Bettman deserves Hall of Fame induction — but not now

NHL commissioner Gary Bettman was announced as an inductee into the Hockey Hall of Fame Class of 2018 Tuesday, and while he's not unworthy of induction, the timing is remarkably bizarre.
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The first thing that needs to be said is that despite the lockouts, the glowing puck and his league’s stance on CTE, Gary Bettman is an outstanding NHL commissioner. In his 25-plus years at the helm of the league, Bettman has been responsible for growing the game into a multi-billion dollar industry. He has found credible and well-heeled owners for markets that seemed hopeless. He has shepherded the game through enormous change and transition, simultaneously staying true to its roots.

Does he deserve to be inducted into the Hockey Hall of Fame as a builder? Absolutely. Does he deserve to be inducted into the Hockey Hall of Fame as builder in 2018? Absolutely not.

But this is what hockey does. It thumbs its nose at the establishment and wears its status as an outlier with pride. Of course, that’s part of the reason it remains a fringe sport in every country that is not Canada, but these fellas – and the emphasis is definitely on fellas – love to take care of their own. And nothing symbolizes that more than Gary Bettman being inducted into the Hockey Hall of Fame while he remains an active commissioner.

The fact that the Hall of Fame’s selection committee sees no conflict in inducting an active commissioner into its ranks borders on mind-boggling. But it’s not as though there is no precedent for this. Clarence Campbell was enshrined in 1966, 11 years before he retired as president and John Zeigler entered the ranks in 1987, five years before he moved on. This is a body that saw fit to induct Jim Gregory as a builder, while he still held the title of chairman of the selection committee. And, of course, there was the induction of former NHL Players' Association head Alan Eagleson in 1989, three years before he left the job. And we all know how that turned out. The lack of awareness is truly impressive.

Outside of hockey, this has happened only once before. Former National Football League head Pete Rozelle was inducted into the Pro Football Hall of Fame in 1985, four years before he retired as commissioner. The five baseball commissioners in Cooperstown were all inducted after they retired, as were the three National Basketball Association commissioners who are enshrined.

“I really wasn’t focused on this happening now,” Bettman said on the conference call to announce his induction. And that’s because he should not have been.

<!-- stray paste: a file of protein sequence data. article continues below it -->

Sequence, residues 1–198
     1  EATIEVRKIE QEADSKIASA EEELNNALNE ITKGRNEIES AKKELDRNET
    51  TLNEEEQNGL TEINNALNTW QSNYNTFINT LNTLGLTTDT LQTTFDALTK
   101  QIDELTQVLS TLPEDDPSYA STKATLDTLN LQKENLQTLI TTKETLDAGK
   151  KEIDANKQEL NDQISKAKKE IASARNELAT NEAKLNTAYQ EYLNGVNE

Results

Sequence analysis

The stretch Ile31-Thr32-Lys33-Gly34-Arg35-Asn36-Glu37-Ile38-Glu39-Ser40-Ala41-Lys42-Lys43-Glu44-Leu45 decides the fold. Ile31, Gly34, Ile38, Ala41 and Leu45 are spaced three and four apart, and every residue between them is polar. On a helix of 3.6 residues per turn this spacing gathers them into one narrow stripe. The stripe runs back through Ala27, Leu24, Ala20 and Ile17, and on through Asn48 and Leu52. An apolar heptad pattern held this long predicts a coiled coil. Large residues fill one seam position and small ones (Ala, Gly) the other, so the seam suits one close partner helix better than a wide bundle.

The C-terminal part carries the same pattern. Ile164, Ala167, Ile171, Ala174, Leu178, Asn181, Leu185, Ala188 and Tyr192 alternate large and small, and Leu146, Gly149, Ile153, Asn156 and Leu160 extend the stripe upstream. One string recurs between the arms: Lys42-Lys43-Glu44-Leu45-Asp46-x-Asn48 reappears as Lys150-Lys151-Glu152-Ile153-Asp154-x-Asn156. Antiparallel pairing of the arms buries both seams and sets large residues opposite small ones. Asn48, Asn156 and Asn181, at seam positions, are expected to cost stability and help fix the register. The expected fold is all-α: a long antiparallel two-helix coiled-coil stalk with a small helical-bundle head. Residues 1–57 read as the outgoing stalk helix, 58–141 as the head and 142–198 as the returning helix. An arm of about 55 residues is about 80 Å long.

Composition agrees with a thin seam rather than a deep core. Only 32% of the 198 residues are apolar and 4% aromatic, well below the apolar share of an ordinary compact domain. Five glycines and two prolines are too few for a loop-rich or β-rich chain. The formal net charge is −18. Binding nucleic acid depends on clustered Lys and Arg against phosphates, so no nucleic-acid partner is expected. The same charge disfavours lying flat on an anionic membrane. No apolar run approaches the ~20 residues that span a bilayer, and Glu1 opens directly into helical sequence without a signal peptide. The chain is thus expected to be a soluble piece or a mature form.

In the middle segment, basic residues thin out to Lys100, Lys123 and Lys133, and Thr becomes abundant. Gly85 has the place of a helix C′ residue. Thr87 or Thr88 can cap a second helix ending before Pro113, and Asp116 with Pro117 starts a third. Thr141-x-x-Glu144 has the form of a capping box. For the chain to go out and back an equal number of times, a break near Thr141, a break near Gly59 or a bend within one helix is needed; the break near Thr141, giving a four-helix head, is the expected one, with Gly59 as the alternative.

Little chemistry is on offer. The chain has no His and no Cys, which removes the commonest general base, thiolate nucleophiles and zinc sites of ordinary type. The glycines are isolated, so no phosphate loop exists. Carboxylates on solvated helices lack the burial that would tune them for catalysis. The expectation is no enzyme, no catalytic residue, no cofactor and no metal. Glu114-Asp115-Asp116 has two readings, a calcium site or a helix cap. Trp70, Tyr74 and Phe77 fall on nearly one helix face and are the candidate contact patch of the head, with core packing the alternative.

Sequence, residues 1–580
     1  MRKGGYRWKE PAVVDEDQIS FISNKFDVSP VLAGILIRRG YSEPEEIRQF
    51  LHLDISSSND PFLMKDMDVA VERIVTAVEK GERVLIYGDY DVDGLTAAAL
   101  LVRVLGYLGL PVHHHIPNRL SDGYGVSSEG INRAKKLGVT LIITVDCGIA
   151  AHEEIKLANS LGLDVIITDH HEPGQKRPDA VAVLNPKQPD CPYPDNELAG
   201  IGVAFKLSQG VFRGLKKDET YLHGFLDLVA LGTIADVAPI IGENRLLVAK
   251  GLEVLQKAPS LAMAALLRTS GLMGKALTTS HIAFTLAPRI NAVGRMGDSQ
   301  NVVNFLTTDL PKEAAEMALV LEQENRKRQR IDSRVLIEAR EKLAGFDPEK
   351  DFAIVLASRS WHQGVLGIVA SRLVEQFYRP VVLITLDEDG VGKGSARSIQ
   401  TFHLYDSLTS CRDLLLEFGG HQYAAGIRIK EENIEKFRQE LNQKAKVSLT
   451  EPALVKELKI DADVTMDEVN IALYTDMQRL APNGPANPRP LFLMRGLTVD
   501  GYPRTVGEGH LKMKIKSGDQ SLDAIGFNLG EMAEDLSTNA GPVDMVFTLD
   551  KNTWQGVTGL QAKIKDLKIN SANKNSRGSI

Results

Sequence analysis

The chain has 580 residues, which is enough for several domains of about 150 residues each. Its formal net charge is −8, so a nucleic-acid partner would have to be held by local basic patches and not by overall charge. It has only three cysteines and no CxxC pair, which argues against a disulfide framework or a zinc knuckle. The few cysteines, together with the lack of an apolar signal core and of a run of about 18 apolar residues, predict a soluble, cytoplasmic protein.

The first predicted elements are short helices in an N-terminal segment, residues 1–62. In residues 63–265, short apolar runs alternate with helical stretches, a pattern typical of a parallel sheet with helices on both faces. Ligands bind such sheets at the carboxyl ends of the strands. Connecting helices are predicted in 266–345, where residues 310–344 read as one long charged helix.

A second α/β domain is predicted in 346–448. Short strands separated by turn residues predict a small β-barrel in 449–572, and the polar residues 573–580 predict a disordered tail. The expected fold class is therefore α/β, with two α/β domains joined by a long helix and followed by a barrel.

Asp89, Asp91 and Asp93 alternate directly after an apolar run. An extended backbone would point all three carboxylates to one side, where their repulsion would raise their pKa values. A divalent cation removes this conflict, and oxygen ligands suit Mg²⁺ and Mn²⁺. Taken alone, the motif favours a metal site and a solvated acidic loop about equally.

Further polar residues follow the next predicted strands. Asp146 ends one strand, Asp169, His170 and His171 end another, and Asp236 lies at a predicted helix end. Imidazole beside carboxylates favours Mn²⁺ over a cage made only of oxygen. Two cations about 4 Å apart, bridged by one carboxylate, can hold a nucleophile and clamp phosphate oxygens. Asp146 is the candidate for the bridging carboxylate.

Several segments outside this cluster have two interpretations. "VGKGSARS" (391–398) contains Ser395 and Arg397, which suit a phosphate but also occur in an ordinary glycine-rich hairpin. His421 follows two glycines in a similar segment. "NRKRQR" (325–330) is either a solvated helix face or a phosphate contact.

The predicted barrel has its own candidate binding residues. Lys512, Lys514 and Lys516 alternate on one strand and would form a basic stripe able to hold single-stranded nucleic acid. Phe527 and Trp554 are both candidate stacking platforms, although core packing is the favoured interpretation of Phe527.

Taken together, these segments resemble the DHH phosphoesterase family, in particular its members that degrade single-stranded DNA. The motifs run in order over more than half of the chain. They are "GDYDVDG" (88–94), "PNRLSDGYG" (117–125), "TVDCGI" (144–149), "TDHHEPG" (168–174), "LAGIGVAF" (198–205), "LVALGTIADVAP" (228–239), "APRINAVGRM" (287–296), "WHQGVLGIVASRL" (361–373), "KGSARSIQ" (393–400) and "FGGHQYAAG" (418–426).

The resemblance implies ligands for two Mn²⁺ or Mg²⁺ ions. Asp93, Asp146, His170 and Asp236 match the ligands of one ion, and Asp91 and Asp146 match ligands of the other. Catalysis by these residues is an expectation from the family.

And again, this has nothing to do with whether or not Bettman deserves to be in the Hall of Fame. All six of the people who were elected – Bettman, Willie O’Ree, Martin Brodeur, Martin St-Louis, Alexander Yakushev and Jayna Hefford – are worthy inductees. Only five of them are worthy inductees in 2018. Yes, there will be people out there who believe for a host of reasons that Bettman does not belong in the Hall of Fame. The league’s stance on concussions and CTE, of which Bettman is the lead spokesman, is deplorable and will almost certainly put the league on the wrong side of history. That’s an argument that has merit, but the totality of his body of work has to be considered. And there are few people in the Hall of Fame who are not without their shortcomings.

But to induct Bettman while he’s still active in his role as commissioner is an incredible conflict of interest. If Bettman gets into the Hall of Fame right now, then why not induct Sidney Crosby, Alex Ovechkin and Marie-Philip Poulin immediately as well? That’s easy. It’s because with players, there is a three-year waiting period after they retire, which gives the hockey world a good opportunity to examine their careers and legacies and provide some breathing room behind the end of a career and an induction.

But for whatever reason, the Hall of Fame doesn’t do this with its own executives. It inducted Glen Sather into its ranks in 1997, largely on his brilliant work behind the bench and in the front office of the Edmonton Oilers dynasty. His induction came three years before he moved on to take over the New York Rangers, where he had far less than a Hall of Fame career as a hockey executive. Would he have been inducted anyway? Almost certainly. As would Bettman have been if we had waited until three years after he retired. But the point is that unless something is happening here that nobody anticipates, Bettman’s work is not done. What if, for example, in 2020-21, he leads the charge to shut down the NHL for another full-season lockout? Would that not affect his legacy? Would it not be something that would at least be worthy of consideration?

As is always the case with the Secret Stonecutters Society that is the Hall of Fame’s selection committee, we’ll never know what their reasoning was for admitting Bettman now. Members of the 17 all-male committee are not allowed to discuss whom they choose to induct or not induct and none of them was on the conference call announcing the newest inductees Tuesday afternoon.

It is all so hockey. Not all, but some of these guys view the Hall of Fame as this exclusive little club that good old boys use to honor other good old boys and no-harm, no foul. Back pats all around. Absolutely not. It’s a public trust for the game that is charged with the very important task of preserving legacies. And it’s an embarrassment to the entire organization that those who make these selections don’t see a conflict of interest when it is staring them right in the face.

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